Last Sunday afternoon, ten members of MW Choir joined the Sydney University Graduate Choir in Sydney Town Hall to sing Verdi’s Requiem, a dramatic work inspired by the death of Verdi’s great friend, the author Manzoni. Julie Drury and I happened to meet up in the audience and thoroughly enjoyed an excellent performance. As we reflected later in the week, it was not a performance where you come out on a euphoric high, but one where, as you reflected on it later, you realised just how good it had been. Julie commented that going into the shops after hearing such a beautiful and profoundly moving work, seemed utterly banal.
As listeners, we were struck not just by the imposing Dies Irae and other loud sections, but more particularly by the control and clarity of the very quiet choral singing at the start and end of the piece. We also felt that the soloists, who play a major part in the central sections, were well matched, and liked the way in which the soprano used just sufficient body movement and facial expression to colour the mood of the words.
I wondered whether the MWC choristers might like to record their own feelings about the experience as the basis for this week’s blog, and contacted them by email, expecting perhaps two or three replies. There were eight. (That’s a second 80% turn-out this week.) Some were powerfully succinct, others were more expansive, but all are really interesting. It was clear that it had been a truly memorable experience.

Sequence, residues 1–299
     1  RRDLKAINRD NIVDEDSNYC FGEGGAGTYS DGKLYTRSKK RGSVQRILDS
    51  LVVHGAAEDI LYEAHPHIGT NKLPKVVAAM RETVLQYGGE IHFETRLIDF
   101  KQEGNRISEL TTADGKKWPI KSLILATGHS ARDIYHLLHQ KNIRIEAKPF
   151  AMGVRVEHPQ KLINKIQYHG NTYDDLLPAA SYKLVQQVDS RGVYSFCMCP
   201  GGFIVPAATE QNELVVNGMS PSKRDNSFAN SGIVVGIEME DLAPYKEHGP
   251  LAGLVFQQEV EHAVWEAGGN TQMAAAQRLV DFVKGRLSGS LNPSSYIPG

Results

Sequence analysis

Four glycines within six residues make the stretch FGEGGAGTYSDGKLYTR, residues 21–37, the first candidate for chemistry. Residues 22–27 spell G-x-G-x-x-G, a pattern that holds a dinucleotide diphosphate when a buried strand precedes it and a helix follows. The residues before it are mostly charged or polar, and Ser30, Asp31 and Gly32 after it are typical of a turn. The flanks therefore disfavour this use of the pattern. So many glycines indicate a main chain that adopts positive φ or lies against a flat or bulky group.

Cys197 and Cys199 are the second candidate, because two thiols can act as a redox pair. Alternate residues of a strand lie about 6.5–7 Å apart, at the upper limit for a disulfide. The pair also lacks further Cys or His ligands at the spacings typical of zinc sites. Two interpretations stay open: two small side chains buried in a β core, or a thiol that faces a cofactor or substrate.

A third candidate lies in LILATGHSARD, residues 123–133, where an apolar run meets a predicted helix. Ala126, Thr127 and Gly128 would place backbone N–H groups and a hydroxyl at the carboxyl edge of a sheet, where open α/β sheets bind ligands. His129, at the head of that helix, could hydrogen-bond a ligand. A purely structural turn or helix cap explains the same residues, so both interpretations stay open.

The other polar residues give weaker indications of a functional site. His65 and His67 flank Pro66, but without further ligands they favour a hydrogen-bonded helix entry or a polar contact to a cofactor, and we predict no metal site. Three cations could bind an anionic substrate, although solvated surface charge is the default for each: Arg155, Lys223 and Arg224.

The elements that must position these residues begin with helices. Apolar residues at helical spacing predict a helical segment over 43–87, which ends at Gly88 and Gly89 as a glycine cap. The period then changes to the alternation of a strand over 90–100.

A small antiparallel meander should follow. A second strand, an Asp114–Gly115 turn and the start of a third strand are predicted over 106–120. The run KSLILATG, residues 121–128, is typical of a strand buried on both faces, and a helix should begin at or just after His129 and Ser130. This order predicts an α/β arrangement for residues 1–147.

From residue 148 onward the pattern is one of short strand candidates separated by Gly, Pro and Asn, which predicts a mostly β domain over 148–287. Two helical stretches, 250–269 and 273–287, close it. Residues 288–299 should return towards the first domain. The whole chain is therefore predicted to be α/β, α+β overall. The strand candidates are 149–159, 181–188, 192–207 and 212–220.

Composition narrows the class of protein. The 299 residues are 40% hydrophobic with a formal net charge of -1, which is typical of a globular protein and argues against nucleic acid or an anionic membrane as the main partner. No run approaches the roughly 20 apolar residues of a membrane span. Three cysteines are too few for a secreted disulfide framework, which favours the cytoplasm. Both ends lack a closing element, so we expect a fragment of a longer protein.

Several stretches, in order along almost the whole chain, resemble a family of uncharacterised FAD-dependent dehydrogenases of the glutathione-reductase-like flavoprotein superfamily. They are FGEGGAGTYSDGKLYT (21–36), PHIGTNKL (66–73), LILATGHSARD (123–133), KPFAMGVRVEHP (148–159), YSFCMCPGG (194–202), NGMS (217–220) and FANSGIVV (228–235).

Common themes were the thrill of singing in the Town Hall; the sheer joy of being enveloped in a great drama of joy, sorrow, anger and pleadings; sharing the experience with friends and colleagues from MWC and the wider choir; the eager anticipation at the start of each day and the sense of exhaustion at the end; appreciation of the privilege of singing a great work with a group of dedicated and committed musicians.
It is impossible to distil all the thoughts into a few paragraphs in the blog. So, if you have a few moments to spare, click here to read everyone’s comments. It’s well worthwhile. They make for fascinating reading.